In the late 1990s, I was working for a clothing manufacturer in Manhattan. The hours were long, the clothing was uninspiring, the company was in the red. I felt like the whole city was baring its teeth at me — grunting, growling, challenging my faith.
Then, something much realer bared its teeth — a dog. The dog leapt at me, sinking its teeth into my face. I was fortunate that a cosmetic surgeon was able to mask the injury. But I came out of the hospital seeing the writing on the wall: The grind of the city had traumatized me, leaving me long on stress and short on purpose.
Out of the blue, my best friend from high school called, asking if I wanted to go to Bali with her. She had planned a trip with her husband, but her husband couldn’t go, and she needed a companion. I didn’t know anything about Bali. But what I did know was that I needed a way out. Even if it was only a temporary solution, Bali with my bestie sounded great.
Walking around the marketplace in the town of Seminyak, I saw a menagerie of buddhas.
Outside of seemingly every business, Balian shopkeepers had set up altars. They contained burning incense, rich arrangements of green-, yellow-, and orange-petaled flowers, and the universal centerpiece of buddhas.
There were buddhas in the classic meditation pose, their eyes closed, a hand raised before them in a solemn gesture of peace. There were buddhas laughing, their eyes turned up in delight. There were buddhas reclining, lying on their sides, made of gold, bronze, clay — everywhere you looked, buddhas emanated serenity.
I wasn’t a Buddhist, and didn’t have foreknowledge about what buddhas represented. All I knew was that when I looked into their smiles, their postures, and of course their bellies, I felt a calmness that I hadn’t felt in ages. I felt peaceful — reminded that, in spite of what the chaotic mess of New York suggested, it was possible to balance out the frenzied energies within me.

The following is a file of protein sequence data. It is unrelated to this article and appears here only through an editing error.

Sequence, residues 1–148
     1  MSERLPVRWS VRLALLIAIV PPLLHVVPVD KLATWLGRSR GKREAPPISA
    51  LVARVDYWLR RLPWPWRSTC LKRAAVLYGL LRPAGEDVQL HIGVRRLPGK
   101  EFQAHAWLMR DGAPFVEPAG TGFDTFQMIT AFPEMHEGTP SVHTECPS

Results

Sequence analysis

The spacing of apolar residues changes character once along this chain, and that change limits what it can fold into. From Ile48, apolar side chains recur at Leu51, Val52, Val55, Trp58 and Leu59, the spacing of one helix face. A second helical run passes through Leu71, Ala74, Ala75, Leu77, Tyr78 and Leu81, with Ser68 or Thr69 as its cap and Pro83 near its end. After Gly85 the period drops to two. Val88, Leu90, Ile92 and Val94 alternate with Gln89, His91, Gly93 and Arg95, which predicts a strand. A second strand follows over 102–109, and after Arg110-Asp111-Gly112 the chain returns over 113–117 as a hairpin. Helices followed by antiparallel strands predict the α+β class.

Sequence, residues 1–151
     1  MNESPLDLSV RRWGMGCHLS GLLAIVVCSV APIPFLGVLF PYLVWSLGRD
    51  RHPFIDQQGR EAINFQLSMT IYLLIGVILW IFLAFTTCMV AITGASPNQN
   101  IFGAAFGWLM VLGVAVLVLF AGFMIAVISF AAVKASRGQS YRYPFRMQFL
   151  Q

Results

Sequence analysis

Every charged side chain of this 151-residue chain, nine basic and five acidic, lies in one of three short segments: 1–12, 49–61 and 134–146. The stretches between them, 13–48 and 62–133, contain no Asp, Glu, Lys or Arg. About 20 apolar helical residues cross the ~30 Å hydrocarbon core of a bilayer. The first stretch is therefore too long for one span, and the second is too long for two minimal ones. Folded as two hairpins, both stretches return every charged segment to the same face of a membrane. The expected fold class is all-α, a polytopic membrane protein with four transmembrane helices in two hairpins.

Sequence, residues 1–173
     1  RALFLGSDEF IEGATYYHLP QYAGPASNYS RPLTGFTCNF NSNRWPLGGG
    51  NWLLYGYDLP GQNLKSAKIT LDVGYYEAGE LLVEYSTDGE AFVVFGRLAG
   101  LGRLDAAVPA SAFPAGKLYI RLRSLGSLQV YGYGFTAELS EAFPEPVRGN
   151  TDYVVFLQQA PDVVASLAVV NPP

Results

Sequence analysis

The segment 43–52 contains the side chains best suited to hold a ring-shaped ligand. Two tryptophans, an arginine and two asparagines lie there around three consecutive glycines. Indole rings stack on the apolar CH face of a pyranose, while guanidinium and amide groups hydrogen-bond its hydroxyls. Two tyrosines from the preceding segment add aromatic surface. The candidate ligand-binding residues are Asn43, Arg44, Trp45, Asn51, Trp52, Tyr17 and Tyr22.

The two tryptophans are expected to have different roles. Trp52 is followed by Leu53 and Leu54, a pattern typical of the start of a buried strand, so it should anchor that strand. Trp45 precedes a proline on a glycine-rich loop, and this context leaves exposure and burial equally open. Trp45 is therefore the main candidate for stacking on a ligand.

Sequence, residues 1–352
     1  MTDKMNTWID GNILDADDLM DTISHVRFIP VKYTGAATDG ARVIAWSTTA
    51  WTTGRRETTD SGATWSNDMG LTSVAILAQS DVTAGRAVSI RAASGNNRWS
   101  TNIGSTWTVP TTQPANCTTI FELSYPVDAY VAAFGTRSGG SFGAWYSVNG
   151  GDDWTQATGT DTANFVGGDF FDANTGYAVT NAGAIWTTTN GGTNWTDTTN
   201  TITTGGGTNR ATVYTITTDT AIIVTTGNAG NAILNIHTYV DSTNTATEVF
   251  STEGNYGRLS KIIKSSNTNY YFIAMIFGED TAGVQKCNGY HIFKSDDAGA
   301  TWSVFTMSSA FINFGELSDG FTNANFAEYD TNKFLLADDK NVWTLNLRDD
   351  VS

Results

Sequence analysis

Later, on a solo trip to Bali, I followed a hint from a friend of mine to check out a Balinese woman’s jewelry. When I saw what she was making — miniature items strung on bracelets — I immediately had a vision — a vision for a stack of sterling bracelets in a theme of peace. I ordered 25 of her pieces, and brought them home to give to friends and family. The best way to feel love is to give love, I thought, and the same must go for peace.
My friends and family loved the pieces, telling me that I was onto something. At first, I wasn’t sure what. But, letting the idea grow organically in my head, I woke up one day hearing the name “Good Charma.” It seemed too good to be true — a phrase I must have read somewhere, inadvertently stolen from someone else. I asked my brother, a lawyer, to look into it. He came up empty.
Good Charma was mine.
I’ve always felt like an unlucky person — that life is tough for me in a way it isn’t for everyone else. Work that others can do in an hour takes me four. Dogs see me as targets for facebites. I had accidents as a child, I’ve run into roadblocks as an adult, my mind has a tendency to roam…the grace and simplicity with which other people seem to navigate their problems has, for whatever reason, eluded me.
When I wear skulls, I feel tough. I feel like I can process surprises peacefully, follow life wherever it wants to twist. To some people, skulls connote death and darkness. To me, they say: You’re not gonna get knocked down.
Where buddhas give me peace, skulls give me solidity. Peaceful and solid: unmoved, and immovable. On a spiritual level, that’s what I aspire to be.
In the 20+ years that I’ve run Good Charma, I’ve needed those reminders. My production partners and I pioneered the rise of charms in jewelry; as our style was copied by innumerable big distributors, I needed peace and strength to stay committed to the vision that had struck me in Bali all those years ago. No matter who you are, life will eventually try to knock you down. One phase of life transitions to another — habits, friends, lovers pass in and out of the frame. The change alone is enough to shake our foundations.
And when the change comes — either slowly or all at once — we all need reminders that peace and strength are available to us. Sometimes it seems like a big burst of toughness is what we need, when in reality, we benefit from small, daily reminders of who we can be if we choose to be.
That’s Good Charma — how we started, and what we still are today.
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